Sometimes the little tidbits from the past family life come falling into place like beautiful snowflakes on a Saturday morning. One such dazzling snowflake has been Daisy Kennedy, an Australian violinist born in 1893. My first find was this performance announcement of Kennedy’s that lists Paul Eisler on the piano and as the conductor:
It was an “a-ha!” because it matches in format and style a different performance announcement I have from the same time period that Edith Vail Ross Eisler had folded into a letter sent home to her parents in Vermont from Vienna. It counts as a “dazzling snowflake” because I don’t have much from this time period of Edith and Paul Eisler’s lives so each item counts heavily. Two years after the 1912 performance announcement above Daisy Kennedy married the Russian pianist Benno Moiseiwitsch. You can hear Benno and Daisy (on the clip about halfway thru in a recording from the 1920’s) on this you tube clip:
Here is another recording of Daisy Kennedy from 1919 playing Camille Saint-Saëns Rondo Capriccioso. This Saint-Saëns piece wasn’t played on the evening of the 1912 concert with Eisler but it is worth listening to for her dynamic ability as a performer just jumps out.
Daisy Kennedy had an amazing education, concert career and family life that spanned nearly a century. You can read more about her on this link: http://discog.damians78s.co.uk/k-m/daisy-kennedy/
As for the Concert on the evening of April 15 1912 in the Bösendorfer-Saale if you want to hear how the evening long ago may have sounded use your imagination along with these few clips! At the time Daisy Kennedy was 19 years old and had made her debut just the year before in 1911.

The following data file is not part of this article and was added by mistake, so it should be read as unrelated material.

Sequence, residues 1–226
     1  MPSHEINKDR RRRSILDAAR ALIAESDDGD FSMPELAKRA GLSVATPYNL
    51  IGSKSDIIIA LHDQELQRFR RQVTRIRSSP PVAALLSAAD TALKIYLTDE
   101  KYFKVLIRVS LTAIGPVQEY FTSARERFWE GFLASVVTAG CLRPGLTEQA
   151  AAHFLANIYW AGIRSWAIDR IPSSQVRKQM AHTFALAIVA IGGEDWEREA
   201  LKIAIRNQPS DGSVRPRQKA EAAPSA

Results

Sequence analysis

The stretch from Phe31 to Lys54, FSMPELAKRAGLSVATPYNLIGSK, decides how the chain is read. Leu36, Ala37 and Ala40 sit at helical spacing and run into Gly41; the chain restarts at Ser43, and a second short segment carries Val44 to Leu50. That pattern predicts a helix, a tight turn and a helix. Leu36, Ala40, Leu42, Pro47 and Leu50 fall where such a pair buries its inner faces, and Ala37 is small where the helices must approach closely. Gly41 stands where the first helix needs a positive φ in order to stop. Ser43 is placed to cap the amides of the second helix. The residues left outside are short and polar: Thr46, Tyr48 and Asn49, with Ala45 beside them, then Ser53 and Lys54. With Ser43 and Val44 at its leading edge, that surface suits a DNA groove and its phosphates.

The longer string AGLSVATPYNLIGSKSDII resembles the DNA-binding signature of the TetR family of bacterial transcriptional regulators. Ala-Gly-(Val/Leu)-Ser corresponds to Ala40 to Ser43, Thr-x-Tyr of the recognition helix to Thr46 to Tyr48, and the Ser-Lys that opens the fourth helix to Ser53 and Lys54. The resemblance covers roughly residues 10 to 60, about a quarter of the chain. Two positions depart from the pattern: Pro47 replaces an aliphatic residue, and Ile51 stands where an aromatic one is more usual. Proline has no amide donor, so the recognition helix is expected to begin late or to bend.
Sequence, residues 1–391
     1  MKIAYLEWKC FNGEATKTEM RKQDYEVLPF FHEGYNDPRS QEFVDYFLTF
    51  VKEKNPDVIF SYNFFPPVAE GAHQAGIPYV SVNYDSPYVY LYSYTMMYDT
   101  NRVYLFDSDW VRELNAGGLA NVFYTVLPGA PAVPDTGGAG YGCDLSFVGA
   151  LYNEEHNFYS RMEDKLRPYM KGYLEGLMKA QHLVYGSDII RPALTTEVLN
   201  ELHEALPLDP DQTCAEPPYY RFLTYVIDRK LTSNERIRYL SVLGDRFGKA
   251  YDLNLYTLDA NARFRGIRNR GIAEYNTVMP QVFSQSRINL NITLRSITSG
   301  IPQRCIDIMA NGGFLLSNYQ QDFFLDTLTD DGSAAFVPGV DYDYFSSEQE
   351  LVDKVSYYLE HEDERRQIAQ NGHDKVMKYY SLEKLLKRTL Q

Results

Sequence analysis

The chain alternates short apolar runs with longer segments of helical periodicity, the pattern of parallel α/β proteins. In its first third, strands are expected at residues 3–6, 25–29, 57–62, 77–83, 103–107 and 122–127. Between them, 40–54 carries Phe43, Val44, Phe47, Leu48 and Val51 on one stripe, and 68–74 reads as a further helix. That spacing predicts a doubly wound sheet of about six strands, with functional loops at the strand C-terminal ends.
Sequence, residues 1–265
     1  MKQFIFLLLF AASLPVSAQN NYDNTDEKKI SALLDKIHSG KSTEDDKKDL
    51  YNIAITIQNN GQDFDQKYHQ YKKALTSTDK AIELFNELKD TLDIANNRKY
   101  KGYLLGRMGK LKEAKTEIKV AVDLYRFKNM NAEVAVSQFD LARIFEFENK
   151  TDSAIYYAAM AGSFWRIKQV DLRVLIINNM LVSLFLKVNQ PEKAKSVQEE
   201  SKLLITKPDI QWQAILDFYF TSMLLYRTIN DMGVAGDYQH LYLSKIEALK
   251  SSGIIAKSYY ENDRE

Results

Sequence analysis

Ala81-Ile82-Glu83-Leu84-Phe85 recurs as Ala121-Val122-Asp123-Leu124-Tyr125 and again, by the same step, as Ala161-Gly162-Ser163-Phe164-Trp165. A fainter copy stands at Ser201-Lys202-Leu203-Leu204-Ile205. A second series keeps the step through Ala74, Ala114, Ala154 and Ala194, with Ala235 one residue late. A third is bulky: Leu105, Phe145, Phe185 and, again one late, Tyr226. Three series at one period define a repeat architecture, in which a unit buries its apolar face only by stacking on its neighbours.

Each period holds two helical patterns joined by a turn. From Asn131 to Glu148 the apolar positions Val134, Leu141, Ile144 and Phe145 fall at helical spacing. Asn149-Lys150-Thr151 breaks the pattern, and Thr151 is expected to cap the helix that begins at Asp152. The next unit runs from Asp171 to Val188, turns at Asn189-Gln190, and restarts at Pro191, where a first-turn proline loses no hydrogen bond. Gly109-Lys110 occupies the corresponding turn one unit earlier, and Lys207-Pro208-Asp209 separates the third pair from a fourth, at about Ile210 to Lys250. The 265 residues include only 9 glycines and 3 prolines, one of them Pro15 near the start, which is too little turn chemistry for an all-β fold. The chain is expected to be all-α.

Representing the opening piece of Camille Saint-Saëns (1835-1921) Violin Concerto No.3 in B minor, op.61 you can listen to the violin of Leonidas Kavakos on this clip which unfortunately has the annoying doe-eyed static image of an animae violinist staring out the whole time, but the music is perfect.
The second piece section of the evening Kennedy played J.M Leclair’s “Le Tombeu” with Paul Eisler on piano. Here is a wonderful sounding selection performed by Les Folies Françoises and Patrick Cohën-Akenin. I haven’t any idea why a teddy bear with it’s head lopped off with scissors is presented as a static image, but I guess it is just a day of odd imagery from the land of youtube.
The fourth selection – Hear the Vienna Philharmonic Women´s Orchestra play J.S.Bach’s well known “Air” conducted by Izabella Shareyko and performed at St. Thekla Church, Vienna Wieden.
And the evening’s closing piece was a selection from Belgium violinist and composer Henri Vieuxtemps, “Ballade et Polonaise”. In this clip from 1947 hear Jascha Heifetz: